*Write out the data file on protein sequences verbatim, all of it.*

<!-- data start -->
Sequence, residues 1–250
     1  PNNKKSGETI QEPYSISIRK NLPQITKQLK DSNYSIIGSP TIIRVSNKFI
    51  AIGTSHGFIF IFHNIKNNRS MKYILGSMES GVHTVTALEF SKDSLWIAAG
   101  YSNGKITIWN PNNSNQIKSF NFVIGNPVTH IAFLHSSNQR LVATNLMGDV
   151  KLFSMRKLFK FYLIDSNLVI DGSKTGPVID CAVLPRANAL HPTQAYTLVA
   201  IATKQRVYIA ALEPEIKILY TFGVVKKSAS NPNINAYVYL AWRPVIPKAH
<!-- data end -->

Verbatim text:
Sequence, residues 1–250
     1  PNNKKSGETI QEPYSISIRK NLPQITKQLK DSNYSIIGSP TIIRVSNKFI
    51  AIGTSHGFIF IFHNIKNNRS MKYILGSMES GVHTVTALEF SKDSLWIAAG
   101  YSNGKITIWN PNNSNQIKSF NFVIGNPVTH IAFLHSSNQR LVATNLMGDV
   151  KLFSMRKLFK FYLIDSNLVI DGSKTGPVID CAVLPRANAL HPTQAYTLVA
   201  IATKQRVYIA ALEPEIKILY TFGVVKKSAS NPNINAYVYL AWRPVIPKAH